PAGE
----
The Eiffel Tower is an iconic symbol, regularly associated with not only Paris, but the entire country of France. The structure can be found in numerous forms of media representing the country and celebrated its 125th anniversary earlier this year. Let’s take a closer look at this mammoth structure:
The Eiffel Tower was opened to the public on March 31, 1889, taking two years, two months and five days to build by 300 workers. It was erected to serve as the entrance to the 1889 World Fair (or Exposition Universelle, since the French always have to put their own twist on titles). While it is an icon of the country today, its construction was protested by French artists and writers, who called it a “hateful column of bolted sheet metal!”
Writer Guy de Maupassant was one of the most vocal haters of the Eiffel Tower, yet was discovered eating lunch inside the setting on a daily basis. He claimed that it was because it was the only place in Paris that he didn’t have to look at the building. Other residents of the city initially viewed the construction as an eyesore.
Although the tower is named in honour of engineer Gustave Eiffel, he wasn’t initially interested in the project. Designed by his company’s engineers Maurice Koechlin and Émile Nouguier, Eiffel only really came on board when the design was tweaked by his head of architecture, Stephen Sauvestre. Then, Eiffel purchased the patent rights for the structure.
A symbol of modern science, for 41 years, the Eiffel Tower was the tallest man-made object (standing at 1,063 feet) in the world, but that reign came to an end in 1930 with the completion of New York’s Chrysler Building. I bet the French regretted giving New York the Statue of Liberty after they were trumped. The tower is comprised of 18,038 pieces linked by 2.5 million rivets.
Today, the Eiffel isn’t even the tallest structure in France anymore. It has been surpassed by the Millau Viaduct, a cable-stayed bridge that connects parts of Millau-Creissels, France over the River Tarn. While it does provide a nice photo-op (if you’re into bridges and such), the Eiffel Tower is still the place tourists flock for their Parisian moment.
The tower was treated with 60 tons of paint to protect from the weather and has been repainted numerous times (about every seven years) since its original covering. It is painted lighter at the bottom of the structure and becomes gradually darker at the top so it looks like one uniform colour, despite atmospheric pressure. On warms days, the Eiffel tower can grow up to six inches, thanks to thermal expansion… does this mean that Mrs. Sip is also thermal expansion!?
The tower’s elevators weren’t running until almost two months after the building opened. Visitors could still enter the structure, but had to climb 1,710 steps to reach the summit. Still, more than 30,000 people were willing to traverse the many flights to get a view of the city. Mrs. Sip and I have talked about doing the stair thing sometime, but I think my laziness will always prevail.
The Eiffel Tower was supposed to be taken apart after 20 years, but it was later used as a radio communications tower, transitioning into telecommunications with the change in technology. The city chose to keep the structure after its permit expired in 1909. A post office, theatre, newspaper, science labs, and even an annual ice rink have also set up shop at the structure.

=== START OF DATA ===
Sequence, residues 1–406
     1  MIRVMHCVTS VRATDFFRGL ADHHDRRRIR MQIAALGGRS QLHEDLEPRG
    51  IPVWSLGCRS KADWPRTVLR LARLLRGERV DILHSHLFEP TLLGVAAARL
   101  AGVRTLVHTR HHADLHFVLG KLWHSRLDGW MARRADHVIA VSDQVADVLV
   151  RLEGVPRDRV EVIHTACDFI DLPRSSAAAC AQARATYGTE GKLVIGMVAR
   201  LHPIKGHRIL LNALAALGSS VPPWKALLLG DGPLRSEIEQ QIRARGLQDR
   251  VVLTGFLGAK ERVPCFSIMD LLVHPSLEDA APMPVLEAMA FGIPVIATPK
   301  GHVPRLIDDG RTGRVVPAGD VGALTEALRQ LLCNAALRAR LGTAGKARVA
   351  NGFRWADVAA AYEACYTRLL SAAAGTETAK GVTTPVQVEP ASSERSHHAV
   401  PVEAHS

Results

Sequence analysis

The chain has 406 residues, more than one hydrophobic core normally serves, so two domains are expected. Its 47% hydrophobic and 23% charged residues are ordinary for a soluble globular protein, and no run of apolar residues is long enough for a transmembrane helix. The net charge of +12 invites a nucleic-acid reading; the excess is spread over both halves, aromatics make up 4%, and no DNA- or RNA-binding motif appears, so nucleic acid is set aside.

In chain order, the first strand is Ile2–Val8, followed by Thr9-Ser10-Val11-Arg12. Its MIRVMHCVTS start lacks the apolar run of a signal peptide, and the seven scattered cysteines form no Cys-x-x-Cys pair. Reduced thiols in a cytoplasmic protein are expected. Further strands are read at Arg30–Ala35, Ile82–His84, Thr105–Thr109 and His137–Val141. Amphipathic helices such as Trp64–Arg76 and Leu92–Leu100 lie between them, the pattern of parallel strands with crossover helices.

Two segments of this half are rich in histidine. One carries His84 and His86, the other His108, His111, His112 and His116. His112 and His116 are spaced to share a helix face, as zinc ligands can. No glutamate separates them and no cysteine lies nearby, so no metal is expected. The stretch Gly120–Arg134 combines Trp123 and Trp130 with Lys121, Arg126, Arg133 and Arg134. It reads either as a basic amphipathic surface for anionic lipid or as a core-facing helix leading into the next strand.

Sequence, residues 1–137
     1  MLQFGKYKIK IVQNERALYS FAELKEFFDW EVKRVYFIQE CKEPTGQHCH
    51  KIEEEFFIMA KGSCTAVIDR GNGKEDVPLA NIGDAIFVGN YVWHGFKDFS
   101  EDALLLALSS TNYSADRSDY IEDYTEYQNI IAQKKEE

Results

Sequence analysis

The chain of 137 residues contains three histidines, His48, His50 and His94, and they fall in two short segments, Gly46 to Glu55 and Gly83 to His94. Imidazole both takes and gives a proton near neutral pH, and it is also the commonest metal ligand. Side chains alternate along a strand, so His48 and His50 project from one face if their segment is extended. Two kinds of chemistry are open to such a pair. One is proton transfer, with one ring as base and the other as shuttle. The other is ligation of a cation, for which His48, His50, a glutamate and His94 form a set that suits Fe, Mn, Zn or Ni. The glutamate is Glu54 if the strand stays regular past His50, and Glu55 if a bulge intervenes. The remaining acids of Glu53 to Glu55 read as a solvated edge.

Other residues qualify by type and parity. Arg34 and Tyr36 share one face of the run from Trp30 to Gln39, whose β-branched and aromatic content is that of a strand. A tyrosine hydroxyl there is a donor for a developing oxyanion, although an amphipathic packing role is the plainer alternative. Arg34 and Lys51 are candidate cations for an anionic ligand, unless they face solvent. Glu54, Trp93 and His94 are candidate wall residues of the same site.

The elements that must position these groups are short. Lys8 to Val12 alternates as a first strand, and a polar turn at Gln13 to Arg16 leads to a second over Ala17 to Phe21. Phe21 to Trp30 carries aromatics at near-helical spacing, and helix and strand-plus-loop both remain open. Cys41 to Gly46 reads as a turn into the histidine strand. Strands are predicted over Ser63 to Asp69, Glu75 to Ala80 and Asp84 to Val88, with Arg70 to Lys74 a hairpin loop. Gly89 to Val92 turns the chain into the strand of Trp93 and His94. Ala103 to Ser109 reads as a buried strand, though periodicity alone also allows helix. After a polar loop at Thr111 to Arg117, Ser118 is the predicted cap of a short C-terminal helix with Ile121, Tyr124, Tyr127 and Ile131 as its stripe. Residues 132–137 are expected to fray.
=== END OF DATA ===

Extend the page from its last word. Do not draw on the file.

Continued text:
In the 1920s, con man Victor Lustig sold the Eiffel Tower twice for scrap metal. With forged government documents, Lustig invited six scrap metal dealers to a meeting where they discussed dismantling the run down and expensive-to-upkeep landmark. When the scam worked once without Lustig ending up in jail, he returned to try it again, but this time authorities were summoned. Lustig did get away this time, but eventually found himself in jail, where he died in 1947. His death certificate listed his occupation as ‘apprentice salesman!’
The tower sure is sturdy, surviving wars, fires, and countless visitors. One time when Mrs. Sip and I were visiting the landmark, we even saw some dude relieving himself against the iconic iron! Today, the Eiffel Tower is the most visited pay monument in the world, with over seven millions visitors annually, 75% of which are foreigners.
It may not be the copycat Eiffel Tower located at The Paris Hotel in Las Vegas, but Joe King, an engineering professor from California, constructed a toothpick replica of the famous structure in 1988, using 110,000 sticks. The tower stood 23 feet high. Other imitations include: Tokyo Tower in Japan, Torre del Reformador in Guatemala, Petřín Lookout Tower in the Czech Republic, AWA Tower in Australian, and many more.
France: Between the Sheets
- 1 oz Cognac
- 1 oz Triple Sec
- 1 oz Light Rum
- Splash of Lemon Juice
- Garnish with a Lemon Wedge
Every time Mrs. Sip and I have been at the Eiffel Tower (with the intent of going up), the weather has been inclement. The first time we ever scaled the monument, the weather was near freezing and windy and even snowed a little. Other times, we have passed on going up because we know it isn’t as enjoyable when it’s wet and cold. On one visit, the weather was gorgeous as we were winding our way through the Louvre line-up early in the day. That afternoon was supposed to be Eiffel Tower time, but as we made our way to the attraction, the clouds burst open and we were thwarted once again. C’est la vie is all you can really say!
Sip Advisor Bar Notes (4 Sips out of 5):
Despite three ounces of alcohol, this drink was pretty damn good. I was worried about how harsh it might be, so instead of using plain Light Rum, I subbed in Torched Cherry Rum and the flavour went very well with the Triple Sec. Both tasted very nice with Cognac as part of the mix and while still potent, the drink was delicious.